Reports of unidentified flying objects have always been a part of our lives. For thousands of years, people have described seeing strange flying structures of light, clouds, even fire. But as our cultural fascination grew with extraterrestrial life in the 20th century, so did the number of UFO sightings. Once scientists, researchers and consciousness platforms like Portal To Ascension embarked on their exploration of different UFO incidents many important facts and secrets were revealed to the world. These consciousness societies and platforms aim to create a new reality and help humans create a paradigm based on the principles of unity, transparency, cosmic consciousness, and full disclosure.
The question of if there is life on other planets is enthusiastically debated across the world. A list of inexplicable UFO sightings around the world has led many to believe in the existence of extraterrestrial life. There are many cynics who continuously try to explain these events, but eyewitnesses and UFO researchers couldn’t be more certain that what they have witnessed are UFO sightings.
1. The Greifswald Lights
A mysterious incident took place in 1990, six weeks before Germany was set to become a united nation over the Greifswald power plant. According to reports, seven green lights appeared in a line, hovering above the area which was visible for about 30 minutes; some believed this to be a protest against the upcoming reunification. However, there was no proof of anyone taking such actions, and many viewers believe it was due to extraterrestrials. This incident has become known as "the Greifswald Lights."
2. O’Hare International Airport Saucer (2006)
In November 2006, when flight 446 was getting ready to fly to North Carolina from Chicago’s O’Hare International Airport, a United Airlines employee on the tarmac noticed a dark grey metallic craft hovering over gate C17. A total of twelve United Airlines employees and a few witnesses outside the airport spotted the saucer-shaped craft around 4:15 p.m. The witnesses say it hovered for about 5 minutes before shooting upward where it broke a hole in the clouds, enough that the pilots and mechanics could see the blue sky. However, because the UFO was not seen on radar, the FAA called it a “weather phenomenon” and declined to investigate.
3. The USS Nimitz Encounter (2004)
Another strange incident that remained etched in all our minds as one of the significant UFO sightings around the world was when the USS Princeton noted an unknown craft on radar 100 miles off the coast of San Diego on November 14, 2004. For two weeks, the crew had been tracking objects which appeared at 80,000 feet and plummeted to hover right above the Pacific Ocean. When two FA-18F fighter jets from the USS Nimitz arrived in the area, they first saw what appeared to be churning boiling water in an oval shape underneath the surface. Then, in a few moments, a white Tic Tac-like object appeared above the water. It had no visible markings to indicate an engine, wings, or windows, and infrared monitors did not reveal any exhaust. Commander David Fravor and Lt. Cmdr. Jim Slaight of Strike Fighter Squadron 41 attempted to intercept the craft, but it accelerated away, reappearing on radar 60 miles away, it was reported that the object moved three times the speed of sound and twice the speed of the fighter jets.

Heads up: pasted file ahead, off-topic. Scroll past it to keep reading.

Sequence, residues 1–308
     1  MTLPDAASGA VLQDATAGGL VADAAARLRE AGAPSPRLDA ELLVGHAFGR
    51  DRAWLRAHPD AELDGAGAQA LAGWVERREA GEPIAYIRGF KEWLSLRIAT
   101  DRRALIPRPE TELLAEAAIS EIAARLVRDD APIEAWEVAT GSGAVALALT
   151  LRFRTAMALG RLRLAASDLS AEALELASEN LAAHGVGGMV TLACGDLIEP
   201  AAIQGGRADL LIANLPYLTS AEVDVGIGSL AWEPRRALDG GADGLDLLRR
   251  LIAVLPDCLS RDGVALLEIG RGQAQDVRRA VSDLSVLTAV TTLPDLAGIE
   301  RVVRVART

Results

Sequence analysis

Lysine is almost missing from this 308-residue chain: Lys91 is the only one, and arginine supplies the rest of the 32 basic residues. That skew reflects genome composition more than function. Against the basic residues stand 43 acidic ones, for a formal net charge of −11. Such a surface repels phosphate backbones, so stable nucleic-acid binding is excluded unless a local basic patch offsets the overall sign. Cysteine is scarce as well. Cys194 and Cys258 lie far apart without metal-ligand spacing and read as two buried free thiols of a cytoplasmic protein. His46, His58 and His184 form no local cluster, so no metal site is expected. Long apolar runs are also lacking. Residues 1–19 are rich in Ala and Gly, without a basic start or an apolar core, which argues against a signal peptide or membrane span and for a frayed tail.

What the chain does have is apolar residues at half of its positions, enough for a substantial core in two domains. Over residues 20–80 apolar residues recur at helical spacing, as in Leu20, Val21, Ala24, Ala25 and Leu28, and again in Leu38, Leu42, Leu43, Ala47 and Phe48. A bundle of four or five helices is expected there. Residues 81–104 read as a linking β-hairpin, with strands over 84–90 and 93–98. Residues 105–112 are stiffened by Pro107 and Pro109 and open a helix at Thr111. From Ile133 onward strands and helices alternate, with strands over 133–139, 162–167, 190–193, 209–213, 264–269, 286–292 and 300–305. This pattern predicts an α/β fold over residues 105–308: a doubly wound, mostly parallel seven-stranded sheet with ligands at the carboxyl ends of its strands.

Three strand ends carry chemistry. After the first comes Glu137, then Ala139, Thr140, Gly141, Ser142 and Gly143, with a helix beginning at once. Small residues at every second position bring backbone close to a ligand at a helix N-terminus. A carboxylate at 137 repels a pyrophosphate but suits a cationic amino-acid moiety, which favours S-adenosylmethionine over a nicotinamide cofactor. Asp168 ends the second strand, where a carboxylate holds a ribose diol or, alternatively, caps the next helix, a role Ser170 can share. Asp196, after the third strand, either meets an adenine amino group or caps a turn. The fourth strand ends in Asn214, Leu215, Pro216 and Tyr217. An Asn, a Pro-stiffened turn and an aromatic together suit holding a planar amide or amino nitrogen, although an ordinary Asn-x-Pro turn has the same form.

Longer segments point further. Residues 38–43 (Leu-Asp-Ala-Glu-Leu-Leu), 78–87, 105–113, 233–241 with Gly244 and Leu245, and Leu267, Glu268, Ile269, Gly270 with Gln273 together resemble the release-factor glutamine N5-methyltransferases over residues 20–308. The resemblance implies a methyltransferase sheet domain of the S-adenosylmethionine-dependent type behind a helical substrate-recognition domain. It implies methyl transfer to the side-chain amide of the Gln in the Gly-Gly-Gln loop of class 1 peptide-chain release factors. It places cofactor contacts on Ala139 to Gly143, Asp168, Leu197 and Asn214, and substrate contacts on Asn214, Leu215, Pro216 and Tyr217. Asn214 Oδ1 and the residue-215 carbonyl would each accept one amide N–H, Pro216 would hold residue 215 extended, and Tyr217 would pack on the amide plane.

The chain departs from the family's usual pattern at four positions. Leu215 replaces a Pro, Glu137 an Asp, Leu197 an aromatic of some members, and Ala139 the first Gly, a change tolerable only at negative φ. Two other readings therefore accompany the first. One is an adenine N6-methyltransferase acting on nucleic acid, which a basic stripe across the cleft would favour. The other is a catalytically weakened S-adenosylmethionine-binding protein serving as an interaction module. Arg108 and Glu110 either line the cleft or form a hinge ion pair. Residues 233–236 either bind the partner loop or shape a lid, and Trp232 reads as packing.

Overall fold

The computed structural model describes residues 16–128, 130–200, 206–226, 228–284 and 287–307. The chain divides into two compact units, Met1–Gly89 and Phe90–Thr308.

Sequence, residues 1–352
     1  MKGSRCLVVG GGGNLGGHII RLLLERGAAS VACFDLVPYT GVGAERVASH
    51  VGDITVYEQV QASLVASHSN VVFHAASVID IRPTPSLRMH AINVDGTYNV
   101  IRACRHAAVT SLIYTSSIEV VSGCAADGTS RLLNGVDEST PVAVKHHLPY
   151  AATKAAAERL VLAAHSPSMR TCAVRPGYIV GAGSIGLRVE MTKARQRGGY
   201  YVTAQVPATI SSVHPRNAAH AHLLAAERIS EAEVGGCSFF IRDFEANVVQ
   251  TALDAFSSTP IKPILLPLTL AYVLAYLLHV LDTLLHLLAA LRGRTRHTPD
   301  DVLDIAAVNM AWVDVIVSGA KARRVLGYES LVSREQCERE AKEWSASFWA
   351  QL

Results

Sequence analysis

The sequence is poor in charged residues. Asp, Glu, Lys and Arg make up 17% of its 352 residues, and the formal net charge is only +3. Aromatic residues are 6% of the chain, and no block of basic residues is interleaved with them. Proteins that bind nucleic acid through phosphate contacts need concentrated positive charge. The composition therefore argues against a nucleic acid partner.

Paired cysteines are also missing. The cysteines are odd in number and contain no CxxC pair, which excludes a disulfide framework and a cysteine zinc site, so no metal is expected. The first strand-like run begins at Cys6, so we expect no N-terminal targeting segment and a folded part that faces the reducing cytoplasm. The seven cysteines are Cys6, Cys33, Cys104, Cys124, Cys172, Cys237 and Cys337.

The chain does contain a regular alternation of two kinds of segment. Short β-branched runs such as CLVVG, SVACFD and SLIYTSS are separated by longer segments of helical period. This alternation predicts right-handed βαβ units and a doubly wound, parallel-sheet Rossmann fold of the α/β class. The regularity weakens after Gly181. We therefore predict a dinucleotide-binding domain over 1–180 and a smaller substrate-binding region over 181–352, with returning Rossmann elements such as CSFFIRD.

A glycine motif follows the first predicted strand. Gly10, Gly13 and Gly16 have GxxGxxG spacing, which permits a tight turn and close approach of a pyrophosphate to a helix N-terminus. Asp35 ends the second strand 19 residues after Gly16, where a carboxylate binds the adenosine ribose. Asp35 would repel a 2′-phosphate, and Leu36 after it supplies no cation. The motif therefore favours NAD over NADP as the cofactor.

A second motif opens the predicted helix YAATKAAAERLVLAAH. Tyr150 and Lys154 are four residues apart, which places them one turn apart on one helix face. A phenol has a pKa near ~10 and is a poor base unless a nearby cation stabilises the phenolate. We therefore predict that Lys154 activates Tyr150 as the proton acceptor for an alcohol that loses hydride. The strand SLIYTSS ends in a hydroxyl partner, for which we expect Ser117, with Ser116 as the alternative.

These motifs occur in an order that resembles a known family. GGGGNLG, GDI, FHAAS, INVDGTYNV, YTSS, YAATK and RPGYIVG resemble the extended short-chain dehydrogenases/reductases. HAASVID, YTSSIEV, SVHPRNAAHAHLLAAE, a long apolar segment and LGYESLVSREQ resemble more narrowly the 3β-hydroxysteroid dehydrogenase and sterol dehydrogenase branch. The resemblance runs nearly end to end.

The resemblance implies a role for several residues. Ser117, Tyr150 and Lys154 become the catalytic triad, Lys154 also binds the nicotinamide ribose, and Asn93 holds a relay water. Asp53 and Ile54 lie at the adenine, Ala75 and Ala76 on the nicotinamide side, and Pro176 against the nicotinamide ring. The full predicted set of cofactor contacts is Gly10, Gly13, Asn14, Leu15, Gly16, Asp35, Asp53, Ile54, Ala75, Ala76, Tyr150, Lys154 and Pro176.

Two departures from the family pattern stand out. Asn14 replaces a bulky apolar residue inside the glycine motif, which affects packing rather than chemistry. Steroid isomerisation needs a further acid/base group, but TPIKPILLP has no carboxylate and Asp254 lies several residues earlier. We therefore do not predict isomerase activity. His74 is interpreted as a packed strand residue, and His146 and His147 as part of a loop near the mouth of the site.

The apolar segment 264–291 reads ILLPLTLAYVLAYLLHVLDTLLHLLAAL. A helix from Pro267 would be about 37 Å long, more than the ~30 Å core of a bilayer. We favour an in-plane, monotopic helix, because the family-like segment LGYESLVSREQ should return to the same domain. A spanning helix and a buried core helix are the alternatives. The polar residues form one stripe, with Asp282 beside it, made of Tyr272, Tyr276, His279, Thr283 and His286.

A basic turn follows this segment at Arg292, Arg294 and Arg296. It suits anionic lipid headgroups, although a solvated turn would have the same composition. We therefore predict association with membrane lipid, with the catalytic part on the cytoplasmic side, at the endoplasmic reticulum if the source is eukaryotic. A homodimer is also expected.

4. The Stephenville Sightings (2008)
In the evening of January 8, 2008, dozens of its residents of the small town Stephenville, Texas and about 100 miles from Dallas viewed something unique in the sky. Citizens reported seeing white lights above Highway 67, first in a single horizontal arc and then in vertical parallel lines. Steve Allen, who was a local pilot, estimated that the strobe lights spanned about a mile long and a half mile wide while traveling about 3,000 miles per hour. No sound was reported. Witnesses believed the event was reminiscent of the Phoenix Lights sightings of 1997. While the U.S. Air Force revealed weeks later that F-16s were flying in the Brownwood Military Operating Areas (just southwest of Stephenville), many townspeople didn’t buy that explanation, believing that what they saw was too technologically advanced for current human abilities.